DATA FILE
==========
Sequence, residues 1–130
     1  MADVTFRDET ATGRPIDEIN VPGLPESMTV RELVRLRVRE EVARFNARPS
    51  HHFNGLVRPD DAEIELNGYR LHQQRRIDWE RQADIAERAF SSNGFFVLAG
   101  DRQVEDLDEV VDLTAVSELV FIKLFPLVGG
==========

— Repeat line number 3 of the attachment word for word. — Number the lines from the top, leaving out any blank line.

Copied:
    51  HHFNGLVRPD DAEIELNGYR LHQQRRIDWE RQADIAERAF SSNGFFVLAG